When people first join Cap City Strength, or any gym for that matter, they always walk through the door with an ultimate goal in mind. Frequently, especially with women, that goal is a number on the scale. Whether it is 180, 150, or 110 pounds, people tend to think of their failure or success in fitness based on their distance from an ideal number on the scale. The problem with that mentality is that it doesn’t take into account numerous important fitness measures: body composition, strength, mobility and flexibility, endurance, confidence, etc.
I fell victim to this fixation on an ideal weight after quitting gymnastics and starting college. I had put on some weight, and I no longer had the gymnast physique that I had grown accustom to. So, I began running compulsively and restricting my caloric intake drastically to obtain that number that had been on the scale my entire gymnastics career. The problem was, when I had finally attained that magical number, I wasn’t happy. My body wasn’t toned or fit looking, it was soft and puffy. I wore a much larger pant and dress size than I had when I was a gymnast. And, I wasn’t confident wearing a bathing suit or anything revealing. Why? Because despite being the same weight as I was when I was a gymnast, I was almost all fat. I had lost all of my muscle from excessive cardio and dieting, and now I was the definition of “skinny fat”.
Luckily, this is when I found weightlifting. I refocused my goals from a number on the scale to how I wanted to look and feel. And, simply put, I just wanted to be able to look in the mirror and be happy with what was reflected back at me… and a number on a scale had absolutely nothing to do with that feeling.
Here are a few examples of positive, performance and appearance focused fitness goals: I want to have a toned physique, I want to have a lifter’s butt, I want to fit into my skinny jeans again, I want to be able to snatch 100 pounds, I want to be able to feel confident in a bikini, I want to be able to play all day with my kids and not feel exhausted, I want to look good naked, etc.
So if your scale is counterproductive and can’t measure these positive goals, then how do you measure your fitness progress? Here are my top five ways to measure your fitness goals after ditching your scale:
- Keep a Gym Journal
Start keeping a daily journal of your visits to the gym. This is not only helpful in daily gym attendance (i.e. having your 1 rep maxes recorded, or knowing what weight you used in the deadlift last week), but it will give you a day by day progress report of how much stronger you’re getting. If you ever want to feel proud of yourself, flip back to the beginning of your journal and see how much stronger you are than when you first started on your fitness journey. If you’re getting stronger then you’re putting on muscle. And, if you’re putting on muscle then you’re burning more and more calories every day.
- Take Pictures
It’s hard to notice our own physical transformations because we look at ourselves in the mirror every single day. Take weekly or monthly photos of yourself in your workout clothes or undies. This will document your physical transformation so you can see your body losing fat, gaining muscle tone, and changing in shape. It’s much more productive and motivating to look at yourself and say “my belly has gotten smaller” or “I can see muscles in my legs now” than to obsess over a supposed weight loss plateau.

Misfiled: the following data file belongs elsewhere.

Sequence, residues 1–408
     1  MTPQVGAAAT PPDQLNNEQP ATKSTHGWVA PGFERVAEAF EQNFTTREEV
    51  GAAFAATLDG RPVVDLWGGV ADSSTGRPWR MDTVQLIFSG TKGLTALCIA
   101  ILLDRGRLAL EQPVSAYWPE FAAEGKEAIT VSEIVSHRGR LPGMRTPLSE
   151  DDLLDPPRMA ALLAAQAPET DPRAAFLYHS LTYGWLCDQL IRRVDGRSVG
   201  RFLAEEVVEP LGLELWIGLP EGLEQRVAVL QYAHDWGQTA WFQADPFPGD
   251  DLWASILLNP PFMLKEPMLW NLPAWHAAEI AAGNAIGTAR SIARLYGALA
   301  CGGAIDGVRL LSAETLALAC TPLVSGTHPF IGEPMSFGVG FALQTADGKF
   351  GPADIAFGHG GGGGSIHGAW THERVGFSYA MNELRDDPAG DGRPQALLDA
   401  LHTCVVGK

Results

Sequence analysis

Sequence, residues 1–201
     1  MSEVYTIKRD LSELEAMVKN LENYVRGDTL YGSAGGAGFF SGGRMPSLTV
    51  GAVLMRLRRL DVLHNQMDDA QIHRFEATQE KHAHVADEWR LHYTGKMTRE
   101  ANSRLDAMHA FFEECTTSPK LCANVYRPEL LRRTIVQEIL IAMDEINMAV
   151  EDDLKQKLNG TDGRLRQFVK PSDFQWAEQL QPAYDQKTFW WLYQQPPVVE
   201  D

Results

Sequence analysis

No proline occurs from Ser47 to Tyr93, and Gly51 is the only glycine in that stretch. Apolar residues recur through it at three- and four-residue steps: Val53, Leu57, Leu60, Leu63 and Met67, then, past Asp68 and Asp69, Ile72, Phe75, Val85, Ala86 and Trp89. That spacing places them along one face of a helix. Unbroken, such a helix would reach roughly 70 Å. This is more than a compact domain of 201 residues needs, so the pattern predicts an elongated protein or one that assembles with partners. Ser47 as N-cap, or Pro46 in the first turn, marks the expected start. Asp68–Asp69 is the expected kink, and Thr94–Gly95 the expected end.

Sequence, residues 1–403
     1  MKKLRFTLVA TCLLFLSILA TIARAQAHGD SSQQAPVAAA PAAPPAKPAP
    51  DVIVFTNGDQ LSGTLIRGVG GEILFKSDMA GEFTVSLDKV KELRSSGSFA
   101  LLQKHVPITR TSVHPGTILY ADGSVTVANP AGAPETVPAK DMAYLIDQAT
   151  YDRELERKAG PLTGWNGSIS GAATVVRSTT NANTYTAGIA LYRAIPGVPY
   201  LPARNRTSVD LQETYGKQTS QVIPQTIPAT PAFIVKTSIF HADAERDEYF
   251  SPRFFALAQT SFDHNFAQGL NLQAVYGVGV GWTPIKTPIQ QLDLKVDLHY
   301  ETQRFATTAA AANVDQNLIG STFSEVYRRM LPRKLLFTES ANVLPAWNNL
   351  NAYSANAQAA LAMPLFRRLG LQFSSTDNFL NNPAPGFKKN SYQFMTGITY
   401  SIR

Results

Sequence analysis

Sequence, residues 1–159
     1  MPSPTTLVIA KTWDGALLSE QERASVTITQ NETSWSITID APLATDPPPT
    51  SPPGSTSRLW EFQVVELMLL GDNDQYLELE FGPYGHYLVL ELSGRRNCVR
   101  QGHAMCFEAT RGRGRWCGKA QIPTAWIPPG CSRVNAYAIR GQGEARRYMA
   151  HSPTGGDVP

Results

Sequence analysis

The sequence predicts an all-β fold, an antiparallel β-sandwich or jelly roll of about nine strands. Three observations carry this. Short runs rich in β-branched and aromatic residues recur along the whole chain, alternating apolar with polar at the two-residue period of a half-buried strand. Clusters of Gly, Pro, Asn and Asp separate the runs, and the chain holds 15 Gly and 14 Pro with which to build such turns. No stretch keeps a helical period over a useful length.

- Pay Attention to How Your Clothes Fit
I frequently hear women talk about their weight loss plateaus, and how they want to quit dieting and exercising because the number on the scale won’t budge. My number one response to these complaints is “how do your clothes fit?” Muscle weighs more than fat. We’ve all heard it, but we all tend to forget it when we’re worrying about weight loss. If I lose 5 pounds of fat and gain 5 pounds of muscle, then my scale won’t budge. But I’m going to be a smaller, leaner person. And, because of my increased lean muscle mass, my resting metabolism is going to increase and I’m going to burn calories at a higher rate than I did before. So, stop worrying about weight loss plateaus and start getting excited about being too small for your fat pants and having to wear your skinny pants, or even having to ditch the skinny pants all together and buy new pants.
- Take Note of Your Day to Day Victories
So frequently when we get sucked into focusing on the weight on the scale, we forget to take note of our day to day victories: walking from your parking lot to your office building without getting winded, carrying all 6 grocery bags from your car to your house in one trip, playing catch with your kids all afternoon without getting exhausted, being able to squat at the gym without falling over, taking the stairs at work and not wanting to die, being able to lift your kids up overhead with ease, being able to reach down and tie your shoes without straining, etc. These are all huge personal victories that shouldn’t go unnoticed.
- Pay Attention to How You Feel Emotionally
Personally, my most important fitness goal was self-confidence. Being able to wear shorts without feeling embarrassed or insecure is a huge success. Being able to look in the mirror and think to yourself “I look good today” is something worth celebrating.